Onsening

by Ali Korn

In case you are Scandinavian, a dedicated ski-tourist or just generally enjoy coziness, it is likely that you take great pleasure in the prospect of a hot sauna after a long and tiresome cold winter’s day.

 As a devoted sauna-goer, I would like to share with all kindred spirits the story of a distant land where you can indulge in an experience that offers quite similar joys to slouching in a hot wooden box, but which is arguably even more fun.

 

In order to get there however, if you live in Central Europe, you will have to jump on a plane – and go to Japan. Upon your arrival you will have to catch a train or bus that will take you north, to a little mountain village called Nozawa Onsen. A lot of people are not aware of the fact that you can actually ski in Japan. However, Nagano’s beautiful skiing region has actually been host to the biathlon of the 1998 Winter Olympics.

 

So, once you’ve made it here and, having hit the slopes all day, afterwards – naturally – it’s sauna time. Or at least it would be back home in good old Europe. The thing is that in Nozawa you won’t be able to find a sauna. Bummer! Or is it?

 

As promised, there is something even better. All you have to do is collect the tiny little wash cloth from your room (the purpose of which hadn’t been entirely clear to you until now) and some shower gel and find your way to one of the village’s 13 natural hot springs, the Onsen. Just follow the people with similar shower gear and, before you enter the temple-like building, be aware of the fact that boys and girls do not Onsen together (unless you sneak in at the wee hours of the morning).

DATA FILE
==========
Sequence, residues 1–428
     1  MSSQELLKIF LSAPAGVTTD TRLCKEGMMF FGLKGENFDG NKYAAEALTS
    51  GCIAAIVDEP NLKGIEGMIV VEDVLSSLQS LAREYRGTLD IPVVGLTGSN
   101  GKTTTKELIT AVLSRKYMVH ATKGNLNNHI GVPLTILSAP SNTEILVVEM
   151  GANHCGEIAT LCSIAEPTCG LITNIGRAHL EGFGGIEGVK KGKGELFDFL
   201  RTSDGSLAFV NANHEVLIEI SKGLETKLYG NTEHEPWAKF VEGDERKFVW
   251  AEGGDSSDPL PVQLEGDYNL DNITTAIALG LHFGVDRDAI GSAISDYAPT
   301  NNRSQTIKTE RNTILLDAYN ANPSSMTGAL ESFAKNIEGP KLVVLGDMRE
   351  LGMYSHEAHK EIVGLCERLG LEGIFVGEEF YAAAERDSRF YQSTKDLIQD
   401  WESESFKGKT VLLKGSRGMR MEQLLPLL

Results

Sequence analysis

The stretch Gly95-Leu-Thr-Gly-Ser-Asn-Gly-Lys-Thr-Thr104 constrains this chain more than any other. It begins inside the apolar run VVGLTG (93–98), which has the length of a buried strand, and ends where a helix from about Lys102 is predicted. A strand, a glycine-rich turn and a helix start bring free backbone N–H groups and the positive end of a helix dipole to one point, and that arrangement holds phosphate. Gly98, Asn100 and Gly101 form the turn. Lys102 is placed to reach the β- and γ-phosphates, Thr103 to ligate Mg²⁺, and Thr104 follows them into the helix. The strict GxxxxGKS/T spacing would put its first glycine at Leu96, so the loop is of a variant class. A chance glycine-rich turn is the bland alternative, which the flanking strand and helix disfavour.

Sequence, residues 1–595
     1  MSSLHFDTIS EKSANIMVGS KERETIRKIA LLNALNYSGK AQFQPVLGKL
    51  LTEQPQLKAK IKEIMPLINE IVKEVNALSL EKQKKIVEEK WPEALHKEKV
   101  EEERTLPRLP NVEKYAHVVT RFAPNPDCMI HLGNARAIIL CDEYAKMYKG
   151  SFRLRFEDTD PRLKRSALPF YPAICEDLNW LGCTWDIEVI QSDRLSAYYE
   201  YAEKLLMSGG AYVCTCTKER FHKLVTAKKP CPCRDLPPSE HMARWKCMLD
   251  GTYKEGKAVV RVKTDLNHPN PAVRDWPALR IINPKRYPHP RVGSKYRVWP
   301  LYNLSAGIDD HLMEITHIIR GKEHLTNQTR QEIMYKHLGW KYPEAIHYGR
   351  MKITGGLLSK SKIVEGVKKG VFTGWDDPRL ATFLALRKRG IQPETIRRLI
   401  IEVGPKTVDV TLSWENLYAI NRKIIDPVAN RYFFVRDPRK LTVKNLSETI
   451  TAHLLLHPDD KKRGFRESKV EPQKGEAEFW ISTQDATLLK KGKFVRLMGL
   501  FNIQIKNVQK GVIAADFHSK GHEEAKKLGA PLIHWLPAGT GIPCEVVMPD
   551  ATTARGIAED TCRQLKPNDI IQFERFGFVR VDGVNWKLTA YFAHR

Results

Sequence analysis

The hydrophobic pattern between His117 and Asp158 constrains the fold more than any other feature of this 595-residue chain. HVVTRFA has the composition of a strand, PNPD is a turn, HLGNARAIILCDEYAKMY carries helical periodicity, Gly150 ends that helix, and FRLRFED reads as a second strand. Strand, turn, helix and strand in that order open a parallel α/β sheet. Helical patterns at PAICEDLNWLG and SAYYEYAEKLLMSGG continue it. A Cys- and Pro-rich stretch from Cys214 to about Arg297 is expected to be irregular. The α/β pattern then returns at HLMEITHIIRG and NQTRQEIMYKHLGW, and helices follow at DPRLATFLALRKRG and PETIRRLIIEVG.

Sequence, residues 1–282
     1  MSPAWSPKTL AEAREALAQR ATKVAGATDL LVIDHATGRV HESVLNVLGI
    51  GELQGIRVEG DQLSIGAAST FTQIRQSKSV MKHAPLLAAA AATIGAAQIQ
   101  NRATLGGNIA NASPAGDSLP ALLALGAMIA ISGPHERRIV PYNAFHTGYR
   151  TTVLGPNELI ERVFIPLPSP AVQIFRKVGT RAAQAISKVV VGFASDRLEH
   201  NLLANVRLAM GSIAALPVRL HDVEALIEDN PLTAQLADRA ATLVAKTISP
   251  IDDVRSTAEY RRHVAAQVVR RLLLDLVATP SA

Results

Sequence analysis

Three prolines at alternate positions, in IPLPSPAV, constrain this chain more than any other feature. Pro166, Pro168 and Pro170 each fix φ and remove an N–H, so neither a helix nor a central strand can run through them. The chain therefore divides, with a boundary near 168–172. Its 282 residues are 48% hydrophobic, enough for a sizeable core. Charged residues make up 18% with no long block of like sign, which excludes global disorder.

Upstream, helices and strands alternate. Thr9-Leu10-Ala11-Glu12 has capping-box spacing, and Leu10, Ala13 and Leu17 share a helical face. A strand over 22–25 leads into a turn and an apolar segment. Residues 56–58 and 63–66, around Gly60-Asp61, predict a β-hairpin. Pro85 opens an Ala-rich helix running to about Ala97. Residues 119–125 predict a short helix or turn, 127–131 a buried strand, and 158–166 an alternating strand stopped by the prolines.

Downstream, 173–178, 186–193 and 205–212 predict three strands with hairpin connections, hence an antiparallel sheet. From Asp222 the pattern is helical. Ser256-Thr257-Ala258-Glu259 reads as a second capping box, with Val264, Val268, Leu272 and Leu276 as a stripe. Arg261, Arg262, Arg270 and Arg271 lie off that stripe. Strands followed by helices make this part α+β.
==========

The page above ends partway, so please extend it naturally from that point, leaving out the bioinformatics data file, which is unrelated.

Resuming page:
Once you’re in, please follow the charmingly illustrated rules that you will find on the wall. On them, a group of onsening mangas point out that you will ruin their experience if you splash others with water or jump in the pool with your clothes on. But first things first: please get naked in the dressing room with the elderly Japanese before you enter the bathing room. Proceed to rinse yourself with your little cloth in the hot spring water which comes out of the walls. While doing so, start mentally preparing to take the hottest bath of your life. Don’t worry if it takes you a few minutes of toe and feet dipping before you actually dare to fully slide into the pool and soak in the hot and healthy fresh water – which is said to have positive effects on your general well-being.

 

While you can find hot springs all over the world, the way the Nozawa residents have built their daily routines around the Onsen is rather special. Without a shower at home, the daily excursion to the bathhouses is not merely a necessity but a social event, an ancient tradition and a general way of life. So do try an Onsen if you ever get the chance.

Ali Korn
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